ADDIS ABABA, Ethiopia — A doomed Ethiopian Airlines jet suffered from faulty readings by a key sensor, and pilots followed Boeing's recommended procedures when the plane started to nose dive but could not avoid crashing, according to a preliminary report released Thursday by the Ethiopian government.
The findings drew the strongest link yet between the March 10 crash in Ethiopia and an October crash off the coast of Indonesia, which both involved Boeing 737 Max 8 jetliners. All 346 people on the two planes were killed.
Both planes had an automated system that pushed the nose down when sensor readings detected the danger of an aerodynamic stall, but it now appears that sensors malfunctioned on both planes.
Thursday's report, based on flight data and cockpit voice recorders on the Ethiopian Airlines jetliner, showed that a faulty sensor on the plane touched off a series of events that caused the pilots to lose control of the plane. The report from Ethiopia's Aircraft Accident Investigation Bureau said the sensor problems began about a minute after the plane was cleared for takeoff.
It said air speed and altitude values on the left side of the 737 Max conflicted with data from the right sensor, causing flight control problems. Eventually the Ethiopian Airlines pilots couldn't keep the plane from crashing into the ground, killing all 157 people on board.
The problems are similar to those reported on the Indonesian Lion Air flight that crashed last October. Investigators found that software on that plane took readings from the sensor and pointed the nose down. Thursday's revelations raise questions about repeated assertions by Boeing and U.S. regulators that pilots could regain control in some emergencies by following steps that include turning off an anti-stall system designed specifically for the Max, known by its acronym, MCAS.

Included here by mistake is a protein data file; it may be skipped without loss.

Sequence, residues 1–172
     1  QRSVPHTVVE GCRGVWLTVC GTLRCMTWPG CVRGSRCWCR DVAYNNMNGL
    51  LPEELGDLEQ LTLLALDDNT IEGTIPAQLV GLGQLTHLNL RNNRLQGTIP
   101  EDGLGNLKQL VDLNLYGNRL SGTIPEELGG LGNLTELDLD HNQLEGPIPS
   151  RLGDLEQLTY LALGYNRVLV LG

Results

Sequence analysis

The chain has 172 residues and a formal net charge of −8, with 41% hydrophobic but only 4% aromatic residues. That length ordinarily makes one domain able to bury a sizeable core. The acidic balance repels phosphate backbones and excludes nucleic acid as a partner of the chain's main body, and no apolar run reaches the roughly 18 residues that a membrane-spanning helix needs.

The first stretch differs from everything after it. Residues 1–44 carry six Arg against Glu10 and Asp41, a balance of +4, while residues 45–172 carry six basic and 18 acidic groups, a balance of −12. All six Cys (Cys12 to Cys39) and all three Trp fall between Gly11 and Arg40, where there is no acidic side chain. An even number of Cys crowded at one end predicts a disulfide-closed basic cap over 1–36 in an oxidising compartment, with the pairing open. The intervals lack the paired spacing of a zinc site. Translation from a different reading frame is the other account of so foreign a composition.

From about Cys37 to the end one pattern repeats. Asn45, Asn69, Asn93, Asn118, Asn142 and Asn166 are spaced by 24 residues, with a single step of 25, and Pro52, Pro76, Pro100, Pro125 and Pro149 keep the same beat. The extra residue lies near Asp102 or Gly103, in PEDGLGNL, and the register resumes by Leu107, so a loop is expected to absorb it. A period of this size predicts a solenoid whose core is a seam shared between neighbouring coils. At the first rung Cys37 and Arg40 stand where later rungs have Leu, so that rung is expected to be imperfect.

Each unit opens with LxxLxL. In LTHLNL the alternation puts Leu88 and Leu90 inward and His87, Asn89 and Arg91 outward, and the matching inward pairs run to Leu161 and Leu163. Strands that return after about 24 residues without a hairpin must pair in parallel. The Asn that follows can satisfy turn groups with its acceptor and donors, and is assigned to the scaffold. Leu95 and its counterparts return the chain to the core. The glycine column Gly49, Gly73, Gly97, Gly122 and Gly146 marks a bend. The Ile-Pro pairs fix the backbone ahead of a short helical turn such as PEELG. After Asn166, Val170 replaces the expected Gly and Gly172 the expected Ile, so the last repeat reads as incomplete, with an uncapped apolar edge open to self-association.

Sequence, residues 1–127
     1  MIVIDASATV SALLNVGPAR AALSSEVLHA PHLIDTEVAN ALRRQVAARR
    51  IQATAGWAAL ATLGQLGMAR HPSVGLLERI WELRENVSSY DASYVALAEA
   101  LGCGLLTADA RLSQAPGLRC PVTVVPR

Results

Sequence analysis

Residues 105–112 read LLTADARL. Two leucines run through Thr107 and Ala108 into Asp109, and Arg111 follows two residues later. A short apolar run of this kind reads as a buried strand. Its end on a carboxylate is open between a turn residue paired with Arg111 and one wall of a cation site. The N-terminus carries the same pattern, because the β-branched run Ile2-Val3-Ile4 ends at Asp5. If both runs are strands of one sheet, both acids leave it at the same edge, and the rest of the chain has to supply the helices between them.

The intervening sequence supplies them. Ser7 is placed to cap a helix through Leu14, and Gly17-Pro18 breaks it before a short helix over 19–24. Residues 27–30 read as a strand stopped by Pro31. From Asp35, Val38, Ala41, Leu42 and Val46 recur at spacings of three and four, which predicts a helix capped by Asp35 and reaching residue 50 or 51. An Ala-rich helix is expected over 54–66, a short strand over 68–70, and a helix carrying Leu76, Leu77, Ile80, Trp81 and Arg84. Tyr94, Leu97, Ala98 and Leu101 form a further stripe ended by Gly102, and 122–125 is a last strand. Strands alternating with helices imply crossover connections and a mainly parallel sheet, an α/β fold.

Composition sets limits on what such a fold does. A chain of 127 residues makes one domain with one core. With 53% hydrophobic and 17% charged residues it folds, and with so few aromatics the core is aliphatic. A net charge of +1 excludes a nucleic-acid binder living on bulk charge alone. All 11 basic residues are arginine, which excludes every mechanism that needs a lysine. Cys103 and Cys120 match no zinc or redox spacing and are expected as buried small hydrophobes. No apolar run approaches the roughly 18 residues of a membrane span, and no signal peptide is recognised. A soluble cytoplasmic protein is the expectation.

Investigators are looking into the role of MCAS, which under some circumstances can automatically lower the plane's nose to prevent an aerodynamic stall. The Max has been grounded worldwide pending a software fix that Boeing is rolling out, which still needs to be approved by the U.S. Federal Aviation Administration and other regulators.
In a statement, Boeing acknowledged the faulty data from the sensor activated the MCAS system, which was similar to circumstances in the Lion Air crash.
The company said that to make sure unintended activation of the system doesn't happen again, Boeing is developing software and "associated comprehensive pilot training" for the Max. The software update, Boeing said in the statement, adds layers of protection and will stop erroneous data from activating the system.
Ethiopian investigators did not specifically mention the MCAS, but recommended that Boeing review "the aircraft flight control system related to the flight controllability." They also recommended that aviation officials verify that issues have been adequately addressed before allowing the planes to fly again.
At a news conference, Minister of Transport Dagmawit Moges said the Ethiopian Airlines crew "performed all the procedures repeatedly provided by the manufacturer but was not able to control the aircraft."